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Genetics Selection Evolution

Open Access

Optimum allocation of conservation funds and choice of conservation programs for a set of African cattle breeds

  • Sabine B. Reist-Marti1Email author,
  • Awudu Abdulai2 and
  • Henner Simianer3
Genetics Selection Evolution200638:99

Received: 15 May 2005

Accepted: 16 August 2005

Published: 15 January 2006


Although funds for livestock conservation are limited there is little known about the optimal allocation of conservation funds. A new algorithm was used to allocate Mio US$ 1, 2, 3, 5 or unlimited funds, discounted over 50 years, on 23 African cattle breeds conserved with four different possible conservation programs. Additionally, Mio US$ 1 was preferably allocated to breeds with special traits. The conceptional in situ conservation programs strongly involve breeders and give them part of the responsibility for the conservation of the breed. Therefore, the pure in situ conservation was more efficient than cryoconservation or combined in situ and cryoconservation. The average annual discounted conservation cost for a breed can be as low as US$ 1000 to US$ 4400 depending on the design of the conservation program and the economic situation of the country of conservation. The choice of the breeds and the optimal conservation program and the amount of money allocated to each breed depend on many factors such as the amount of funds available, the conservation potential of each breed, the effects of the conservation program as well as its cost. With Mio US$ 1, 64% of the present diversity could be maintained over 50 years, which is 13% more than would be maintained if no conservation measures were implemented. Special traits could be conserved with a rather small amount of the total funds. Diversity can not be conserved completely, not even with unlimited funds. A maximum of 92% of the present diversity could be conserved with Mio US$ 10, leaving 8% of the diversity to unpredictable happenings. The suggested algorithm proved to be useful for optimal allocation of conservation funds. It allocated the funds optimally among breeds by identifying the most suited conservation program for each breed, also accounting for differences in currency exchange rates between the different countries.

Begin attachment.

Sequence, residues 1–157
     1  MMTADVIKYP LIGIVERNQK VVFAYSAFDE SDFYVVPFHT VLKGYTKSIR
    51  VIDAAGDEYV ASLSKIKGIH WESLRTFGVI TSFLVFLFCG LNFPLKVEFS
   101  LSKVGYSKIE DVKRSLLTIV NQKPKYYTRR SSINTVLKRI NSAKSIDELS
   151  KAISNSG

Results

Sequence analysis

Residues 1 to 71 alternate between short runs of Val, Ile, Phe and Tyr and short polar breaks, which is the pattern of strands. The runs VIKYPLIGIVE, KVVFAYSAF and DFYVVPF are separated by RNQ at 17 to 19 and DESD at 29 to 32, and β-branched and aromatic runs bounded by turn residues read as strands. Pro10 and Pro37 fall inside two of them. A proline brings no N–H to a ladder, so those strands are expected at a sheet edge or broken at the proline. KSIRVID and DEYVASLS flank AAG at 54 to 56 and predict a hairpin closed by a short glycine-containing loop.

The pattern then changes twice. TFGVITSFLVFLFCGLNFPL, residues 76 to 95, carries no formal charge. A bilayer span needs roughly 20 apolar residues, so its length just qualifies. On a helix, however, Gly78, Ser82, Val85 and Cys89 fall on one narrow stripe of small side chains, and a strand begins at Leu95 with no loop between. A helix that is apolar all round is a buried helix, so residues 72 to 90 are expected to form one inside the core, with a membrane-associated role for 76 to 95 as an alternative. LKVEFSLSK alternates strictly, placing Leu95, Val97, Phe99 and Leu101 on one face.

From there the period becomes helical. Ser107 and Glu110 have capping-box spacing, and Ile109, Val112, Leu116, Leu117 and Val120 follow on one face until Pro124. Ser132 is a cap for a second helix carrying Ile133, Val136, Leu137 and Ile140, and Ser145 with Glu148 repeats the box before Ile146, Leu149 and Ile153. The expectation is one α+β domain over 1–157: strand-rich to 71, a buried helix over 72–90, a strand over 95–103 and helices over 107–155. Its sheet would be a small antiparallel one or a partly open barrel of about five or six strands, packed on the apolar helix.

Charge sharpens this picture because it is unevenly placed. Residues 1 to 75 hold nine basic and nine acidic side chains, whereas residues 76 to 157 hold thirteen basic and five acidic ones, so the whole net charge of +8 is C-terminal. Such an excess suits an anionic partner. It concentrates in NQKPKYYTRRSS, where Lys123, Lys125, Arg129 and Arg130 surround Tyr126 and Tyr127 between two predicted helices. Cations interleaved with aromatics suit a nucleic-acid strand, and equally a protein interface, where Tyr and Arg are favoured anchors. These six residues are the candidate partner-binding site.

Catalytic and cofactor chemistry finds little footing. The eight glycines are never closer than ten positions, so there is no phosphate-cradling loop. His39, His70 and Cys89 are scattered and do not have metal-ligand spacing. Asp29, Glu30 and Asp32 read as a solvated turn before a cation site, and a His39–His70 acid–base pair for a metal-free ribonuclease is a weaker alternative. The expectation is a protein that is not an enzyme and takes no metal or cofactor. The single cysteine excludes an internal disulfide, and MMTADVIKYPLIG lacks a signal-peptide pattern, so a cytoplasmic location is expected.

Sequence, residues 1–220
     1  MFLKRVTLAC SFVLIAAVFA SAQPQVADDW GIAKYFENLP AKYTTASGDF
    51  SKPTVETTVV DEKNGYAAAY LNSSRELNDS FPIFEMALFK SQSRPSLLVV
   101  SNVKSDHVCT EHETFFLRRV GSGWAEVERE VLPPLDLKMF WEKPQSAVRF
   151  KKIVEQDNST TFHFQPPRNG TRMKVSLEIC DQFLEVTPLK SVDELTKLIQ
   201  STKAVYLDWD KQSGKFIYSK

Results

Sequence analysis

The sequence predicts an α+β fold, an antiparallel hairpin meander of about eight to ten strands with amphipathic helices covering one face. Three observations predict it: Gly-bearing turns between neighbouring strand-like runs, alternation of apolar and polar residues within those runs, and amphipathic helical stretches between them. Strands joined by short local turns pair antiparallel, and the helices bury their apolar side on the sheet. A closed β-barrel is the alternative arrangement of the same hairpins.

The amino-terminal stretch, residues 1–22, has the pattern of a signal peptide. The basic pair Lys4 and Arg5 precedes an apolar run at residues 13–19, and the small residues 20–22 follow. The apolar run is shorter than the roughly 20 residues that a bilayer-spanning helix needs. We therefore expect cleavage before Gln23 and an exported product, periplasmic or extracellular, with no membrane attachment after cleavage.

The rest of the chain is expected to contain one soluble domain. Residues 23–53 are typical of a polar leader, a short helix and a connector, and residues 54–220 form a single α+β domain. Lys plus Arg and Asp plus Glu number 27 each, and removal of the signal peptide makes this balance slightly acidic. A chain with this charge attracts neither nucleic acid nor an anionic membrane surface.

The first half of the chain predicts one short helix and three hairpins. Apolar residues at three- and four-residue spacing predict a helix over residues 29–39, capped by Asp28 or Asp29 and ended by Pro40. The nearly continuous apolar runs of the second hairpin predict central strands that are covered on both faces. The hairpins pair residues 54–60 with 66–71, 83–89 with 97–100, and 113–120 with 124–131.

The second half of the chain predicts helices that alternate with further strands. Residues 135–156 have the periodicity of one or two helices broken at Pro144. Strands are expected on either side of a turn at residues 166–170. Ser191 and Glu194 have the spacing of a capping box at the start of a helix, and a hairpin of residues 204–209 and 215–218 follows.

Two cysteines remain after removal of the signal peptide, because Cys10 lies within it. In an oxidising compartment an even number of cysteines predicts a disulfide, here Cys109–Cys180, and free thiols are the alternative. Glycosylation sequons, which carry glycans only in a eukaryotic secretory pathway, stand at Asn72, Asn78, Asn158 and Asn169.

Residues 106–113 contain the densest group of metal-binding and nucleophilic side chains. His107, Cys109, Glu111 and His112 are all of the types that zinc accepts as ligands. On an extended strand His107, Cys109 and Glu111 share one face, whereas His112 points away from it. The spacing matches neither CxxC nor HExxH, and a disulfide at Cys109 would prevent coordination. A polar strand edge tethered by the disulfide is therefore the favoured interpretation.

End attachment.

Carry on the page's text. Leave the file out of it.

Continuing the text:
optimal allocationconservation programAfrican cattleconservation fundschoice of program

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Authors’ Affiliations

Department of Animal Science, Institute for Agricultural Economics, Swiss Federal Institute of Technology, Zurich, Switzerland, Swiss College of Agriculture, Zollikofen, Switzerland
Department of Food Economics and Consumption Studies, University of Kiel, Kiel, Germany
Department of Animal Breeding and Genetics, University of Goettingen, Goettingen, Germany


© INRA, EDP Sciences 2006